We have been asked about the sodium metabisulphite content in EpiPen and Jext adrenaline injectors and the possible risk for people with sulphite sensitivity and for those with sulphite anaphylaxis.
Sodium metabisulphite is used as a preservative in the adrenaline.
According to one of our clinical advisors,
“Reactions to metabisulphite are nearly always relatively mild. The only concerning reactions are asthmatic after inhalation of SO2 which is released from the surface of liquids containing sulphites. The need for adrenaline in anaphylaxis far outweighs the potential for the sulphite content to cause a problem.”
According to another member of our clinical board,“Anaphylaxis due to sulphite allergy is well-described, can be severe, but must be very rare. I know that it has been stated that the presence of sulphite should not deter from the use of adrenaline – and as far as I know all products contain it. This is very unlikely to cause problems for those with coincidental sulphite or SO2 sensitivity who require adrenaline for a separate anaphylaxis risk and this is a reasonable justification for the statement. But should adrenaline be advised in the case of a patient with confirmed sulphite anaphylaxis?”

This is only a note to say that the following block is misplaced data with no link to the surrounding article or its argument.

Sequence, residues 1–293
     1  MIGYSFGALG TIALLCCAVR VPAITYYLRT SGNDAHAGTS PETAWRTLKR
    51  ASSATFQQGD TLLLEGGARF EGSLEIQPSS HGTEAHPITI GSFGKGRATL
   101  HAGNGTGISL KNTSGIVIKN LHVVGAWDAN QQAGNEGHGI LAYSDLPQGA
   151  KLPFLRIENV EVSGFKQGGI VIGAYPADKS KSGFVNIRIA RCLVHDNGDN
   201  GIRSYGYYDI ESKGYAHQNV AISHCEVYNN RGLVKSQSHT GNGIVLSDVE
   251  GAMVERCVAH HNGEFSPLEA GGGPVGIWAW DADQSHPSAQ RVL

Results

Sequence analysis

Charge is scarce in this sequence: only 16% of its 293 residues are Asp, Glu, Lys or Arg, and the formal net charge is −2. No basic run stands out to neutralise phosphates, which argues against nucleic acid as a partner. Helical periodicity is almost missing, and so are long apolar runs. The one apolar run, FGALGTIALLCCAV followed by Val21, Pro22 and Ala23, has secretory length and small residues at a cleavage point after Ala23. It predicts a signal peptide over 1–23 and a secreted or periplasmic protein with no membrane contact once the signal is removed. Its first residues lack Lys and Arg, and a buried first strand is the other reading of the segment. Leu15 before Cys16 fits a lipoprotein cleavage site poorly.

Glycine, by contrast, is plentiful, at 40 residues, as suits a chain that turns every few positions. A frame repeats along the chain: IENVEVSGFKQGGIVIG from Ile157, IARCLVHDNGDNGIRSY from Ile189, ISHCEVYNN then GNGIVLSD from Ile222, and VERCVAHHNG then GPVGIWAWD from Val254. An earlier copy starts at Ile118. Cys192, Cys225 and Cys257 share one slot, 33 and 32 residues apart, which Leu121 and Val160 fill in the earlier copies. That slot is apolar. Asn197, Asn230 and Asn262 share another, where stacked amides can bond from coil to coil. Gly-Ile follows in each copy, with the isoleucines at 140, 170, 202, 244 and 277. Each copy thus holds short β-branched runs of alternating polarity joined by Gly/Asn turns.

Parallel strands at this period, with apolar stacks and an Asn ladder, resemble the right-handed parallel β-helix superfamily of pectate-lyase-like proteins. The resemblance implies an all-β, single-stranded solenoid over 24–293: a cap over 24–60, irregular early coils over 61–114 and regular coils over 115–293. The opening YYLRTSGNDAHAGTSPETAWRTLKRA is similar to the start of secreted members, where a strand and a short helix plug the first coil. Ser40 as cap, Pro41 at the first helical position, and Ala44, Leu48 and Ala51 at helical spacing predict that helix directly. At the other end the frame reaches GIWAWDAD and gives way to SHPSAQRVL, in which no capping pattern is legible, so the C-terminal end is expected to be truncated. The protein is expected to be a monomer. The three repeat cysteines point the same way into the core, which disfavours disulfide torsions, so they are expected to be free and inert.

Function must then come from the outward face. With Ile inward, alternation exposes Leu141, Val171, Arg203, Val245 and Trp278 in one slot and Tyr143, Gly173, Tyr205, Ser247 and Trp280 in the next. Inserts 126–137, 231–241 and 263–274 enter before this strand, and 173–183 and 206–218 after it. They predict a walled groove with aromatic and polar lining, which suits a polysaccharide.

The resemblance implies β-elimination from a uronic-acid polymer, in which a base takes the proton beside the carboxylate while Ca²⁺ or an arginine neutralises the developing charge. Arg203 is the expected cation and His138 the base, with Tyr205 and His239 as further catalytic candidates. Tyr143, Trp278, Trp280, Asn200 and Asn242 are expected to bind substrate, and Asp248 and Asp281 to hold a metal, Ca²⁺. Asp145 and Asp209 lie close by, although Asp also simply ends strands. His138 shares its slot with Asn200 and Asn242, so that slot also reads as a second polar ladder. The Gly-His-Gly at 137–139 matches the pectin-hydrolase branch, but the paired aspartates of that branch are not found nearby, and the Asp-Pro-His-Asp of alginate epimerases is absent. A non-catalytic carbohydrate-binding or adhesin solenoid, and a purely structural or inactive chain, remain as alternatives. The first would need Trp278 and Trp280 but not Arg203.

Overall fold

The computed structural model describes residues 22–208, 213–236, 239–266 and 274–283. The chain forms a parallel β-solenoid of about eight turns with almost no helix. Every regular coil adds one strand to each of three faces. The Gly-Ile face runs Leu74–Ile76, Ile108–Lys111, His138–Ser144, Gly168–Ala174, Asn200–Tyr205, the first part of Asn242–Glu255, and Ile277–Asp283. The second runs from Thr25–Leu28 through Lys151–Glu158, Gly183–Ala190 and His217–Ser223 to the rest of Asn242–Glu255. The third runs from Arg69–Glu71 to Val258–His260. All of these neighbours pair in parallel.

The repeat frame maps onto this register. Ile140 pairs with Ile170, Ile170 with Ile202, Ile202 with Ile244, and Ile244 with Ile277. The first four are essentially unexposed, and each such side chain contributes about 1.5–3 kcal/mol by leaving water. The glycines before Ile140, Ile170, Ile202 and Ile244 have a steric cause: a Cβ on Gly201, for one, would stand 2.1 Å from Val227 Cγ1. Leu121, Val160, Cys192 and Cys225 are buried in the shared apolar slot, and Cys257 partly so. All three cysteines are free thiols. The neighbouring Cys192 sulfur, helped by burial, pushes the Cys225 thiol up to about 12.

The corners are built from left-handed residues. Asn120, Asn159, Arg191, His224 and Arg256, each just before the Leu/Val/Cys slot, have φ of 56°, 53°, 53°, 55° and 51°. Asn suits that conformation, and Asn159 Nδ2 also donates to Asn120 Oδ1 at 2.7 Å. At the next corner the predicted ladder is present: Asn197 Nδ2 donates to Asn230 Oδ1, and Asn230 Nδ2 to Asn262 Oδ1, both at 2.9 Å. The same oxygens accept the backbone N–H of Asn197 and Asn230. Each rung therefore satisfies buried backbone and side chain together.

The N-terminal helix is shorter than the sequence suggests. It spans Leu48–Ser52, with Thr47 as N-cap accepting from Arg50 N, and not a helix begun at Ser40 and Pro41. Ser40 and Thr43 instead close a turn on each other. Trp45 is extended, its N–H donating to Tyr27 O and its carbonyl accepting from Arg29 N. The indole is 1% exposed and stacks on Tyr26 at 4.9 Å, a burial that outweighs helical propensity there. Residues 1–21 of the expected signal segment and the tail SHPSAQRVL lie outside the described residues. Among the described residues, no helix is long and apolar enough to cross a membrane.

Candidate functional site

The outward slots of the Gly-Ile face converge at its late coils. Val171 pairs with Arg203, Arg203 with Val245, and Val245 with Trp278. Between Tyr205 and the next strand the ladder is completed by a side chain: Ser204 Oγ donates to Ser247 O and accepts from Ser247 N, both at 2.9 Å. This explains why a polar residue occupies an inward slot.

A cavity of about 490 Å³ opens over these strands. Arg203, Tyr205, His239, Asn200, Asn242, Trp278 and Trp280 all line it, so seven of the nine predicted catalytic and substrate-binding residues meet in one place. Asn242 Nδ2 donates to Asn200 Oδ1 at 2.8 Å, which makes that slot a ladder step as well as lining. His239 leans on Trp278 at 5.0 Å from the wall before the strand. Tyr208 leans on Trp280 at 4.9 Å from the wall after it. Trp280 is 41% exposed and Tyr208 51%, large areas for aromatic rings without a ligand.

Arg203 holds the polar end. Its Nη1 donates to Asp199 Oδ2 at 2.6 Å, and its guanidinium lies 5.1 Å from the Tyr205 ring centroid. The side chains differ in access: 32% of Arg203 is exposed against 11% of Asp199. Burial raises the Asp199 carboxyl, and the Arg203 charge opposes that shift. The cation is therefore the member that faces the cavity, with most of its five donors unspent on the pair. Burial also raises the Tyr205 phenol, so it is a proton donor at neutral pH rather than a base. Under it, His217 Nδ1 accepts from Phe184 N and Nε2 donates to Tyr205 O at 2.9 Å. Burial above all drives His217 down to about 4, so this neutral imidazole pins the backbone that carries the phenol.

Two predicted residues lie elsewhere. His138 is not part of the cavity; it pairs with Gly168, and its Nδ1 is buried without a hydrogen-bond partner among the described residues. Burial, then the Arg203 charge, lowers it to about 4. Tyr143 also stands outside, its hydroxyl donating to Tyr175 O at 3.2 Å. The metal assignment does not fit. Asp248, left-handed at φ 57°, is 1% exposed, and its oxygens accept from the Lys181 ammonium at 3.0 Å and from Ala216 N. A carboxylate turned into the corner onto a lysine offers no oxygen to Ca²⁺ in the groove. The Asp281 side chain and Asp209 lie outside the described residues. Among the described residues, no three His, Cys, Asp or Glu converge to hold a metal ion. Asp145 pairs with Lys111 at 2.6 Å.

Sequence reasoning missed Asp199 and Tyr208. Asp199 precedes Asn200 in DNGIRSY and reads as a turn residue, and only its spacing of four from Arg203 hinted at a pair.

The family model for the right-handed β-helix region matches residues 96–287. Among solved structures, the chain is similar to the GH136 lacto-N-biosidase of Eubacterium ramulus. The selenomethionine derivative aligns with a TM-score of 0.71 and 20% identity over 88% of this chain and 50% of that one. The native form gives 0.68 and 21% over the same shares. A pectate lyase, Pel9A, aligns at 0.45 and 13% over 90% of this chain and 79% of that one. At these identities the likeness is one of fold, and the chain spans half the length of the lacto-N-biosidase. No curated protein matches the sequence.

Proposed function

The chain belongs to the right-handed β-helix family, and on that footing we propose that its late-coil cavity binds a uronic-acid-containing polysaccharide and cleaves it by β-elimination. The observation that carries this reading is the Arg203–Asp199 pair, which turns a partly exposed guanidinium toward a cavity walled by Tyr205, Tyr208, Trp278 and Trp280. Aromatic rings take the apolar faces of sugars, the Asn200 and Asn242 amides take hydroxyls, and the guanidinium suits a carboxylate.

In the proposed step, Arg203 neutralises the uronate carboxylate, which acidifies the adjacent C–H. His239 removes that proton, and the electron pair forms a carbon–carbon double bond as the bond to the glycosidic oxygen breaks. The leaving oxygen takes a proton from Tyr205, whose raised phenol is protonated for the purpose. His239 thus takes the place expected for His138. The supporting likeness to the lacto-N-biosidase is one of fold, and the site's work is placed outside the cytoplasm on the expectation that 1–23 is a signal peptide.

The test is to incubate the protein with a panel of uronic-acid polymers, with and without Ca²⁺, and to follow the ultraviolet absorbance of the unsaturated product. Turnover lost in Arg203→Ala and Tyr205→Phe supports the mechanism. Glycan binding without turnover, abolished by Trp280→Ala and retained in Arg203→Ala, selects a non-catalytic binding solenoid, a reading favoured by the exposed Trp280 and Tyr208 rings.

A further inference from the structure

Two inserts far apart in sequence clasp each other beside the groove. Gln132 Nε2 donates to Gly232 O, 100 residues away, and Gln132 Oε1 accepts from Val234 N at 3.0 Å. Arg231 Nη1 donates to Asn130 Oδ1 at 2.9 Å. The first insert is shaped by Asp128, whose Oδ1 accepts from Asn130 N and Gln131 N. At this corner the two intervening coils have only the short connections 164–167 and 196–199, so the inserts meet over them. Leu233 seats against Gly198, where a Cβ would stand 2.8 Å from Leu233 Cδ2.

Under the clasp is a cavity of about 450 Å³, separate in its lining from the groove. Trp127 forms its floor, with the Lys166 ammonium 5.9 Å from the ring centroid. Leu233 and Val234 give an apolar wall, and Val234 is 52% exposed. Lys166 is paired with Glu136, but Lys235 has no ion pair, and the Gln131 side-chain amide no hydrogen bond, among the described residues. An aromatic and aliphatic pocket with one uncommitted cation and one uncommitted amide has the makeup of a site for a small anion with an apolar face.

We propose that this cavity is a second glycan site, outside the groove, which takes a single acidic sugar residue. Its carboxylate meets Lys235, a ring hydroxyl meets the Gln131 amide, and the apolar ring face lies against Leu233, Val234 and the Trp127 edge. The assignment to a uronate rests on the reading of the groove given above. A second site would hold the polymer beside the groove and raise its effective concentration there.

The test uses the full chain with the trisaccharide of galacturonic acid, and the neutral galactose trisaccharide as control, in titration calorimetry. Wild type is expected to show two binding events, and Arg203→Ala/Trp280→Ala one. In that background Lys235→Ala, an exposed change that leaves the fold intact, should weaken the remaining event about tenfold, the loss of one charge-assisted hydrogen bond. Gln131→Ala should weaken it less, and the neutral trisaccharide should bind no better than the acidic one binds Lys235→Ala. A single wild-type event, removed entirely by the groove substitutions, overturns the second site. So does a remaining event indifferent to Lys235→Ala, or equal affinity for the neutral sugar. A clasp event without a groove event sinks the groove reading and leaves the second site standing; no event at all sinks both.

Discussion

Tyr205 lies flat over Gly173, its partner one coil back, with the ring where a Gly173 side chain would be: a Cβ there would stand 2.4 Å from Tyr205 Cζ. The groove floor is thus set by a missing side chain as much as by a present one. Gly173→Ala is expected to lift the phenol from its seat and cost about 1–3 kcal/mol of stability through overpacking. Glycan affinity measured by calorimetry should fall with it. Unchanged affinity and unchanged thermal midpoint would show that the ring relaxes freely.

Correspondence from the Anesthesia and Analgesia journal* suggests the use of adrenaline in patients who have a history of anaphylaxis to adrenaline, in this particular setting, but where full supportive medical treatment is available, is not advised :
“In patients with a definitive history consistent with anaphylactic or anaphylactoid reactions to sulfites,avoidance of medications, including epinephrine, which contain metabisulfites as preservatives might be indicated.”
However, the correspondence suggests that “epinephrine is indicated in patients who continue to have severe and refractory anaphylaxis despite this treatment”.
So in summary, the use of adrenaline would not be contraindicated in patients with sulphite sensitivity. For rare cases of sulphite anaphylaxis, discuss options with an allergy specialist.
* Anesth Analg 2004;98:1499–505